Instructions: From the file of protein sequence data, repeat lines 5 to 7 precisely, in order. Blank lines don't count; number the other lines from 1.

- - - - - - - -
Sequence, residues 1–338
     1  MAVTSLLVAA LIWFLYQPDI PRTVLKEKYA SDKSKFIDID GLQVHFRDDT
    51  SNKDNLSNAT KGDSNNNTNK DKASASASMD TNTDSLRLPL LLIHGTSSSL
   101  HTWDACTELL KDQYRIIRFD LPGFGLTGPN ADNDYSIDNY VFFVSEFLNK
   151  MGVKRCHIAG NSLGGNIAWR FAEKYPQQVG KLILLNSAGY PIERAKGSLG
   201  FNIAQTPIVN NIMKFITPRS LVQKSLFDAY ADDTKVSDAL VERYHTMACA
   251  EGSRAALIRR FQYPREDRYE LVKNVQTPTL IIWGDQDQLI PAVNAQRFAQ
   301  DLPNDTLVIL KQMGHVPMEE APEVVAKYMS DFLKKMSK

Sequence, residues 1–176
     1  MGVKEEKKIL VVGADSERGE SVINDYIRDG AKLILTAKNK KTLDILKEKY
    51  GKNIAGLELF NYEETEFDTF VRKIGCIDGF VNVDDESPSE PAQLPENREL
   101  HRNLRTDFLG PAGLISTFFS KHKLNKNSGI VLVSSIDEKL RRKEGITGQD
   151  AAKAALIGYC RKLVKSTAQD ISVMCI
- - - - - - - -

   151  MGVKRCHIAG NSLGGNIAWR FAEKYPQQVG KLILLNSAGY PIERAKGSLG
   201  FNIAQTPIVN NIMKFITPRS LVQKSLFDAY ADDTKVSDAL VERYHTMACA
   251  EGSRAALIRR FQYPREDRYE LVKNVQTPTL IIWGDQDQLI PAVNAQRFAQ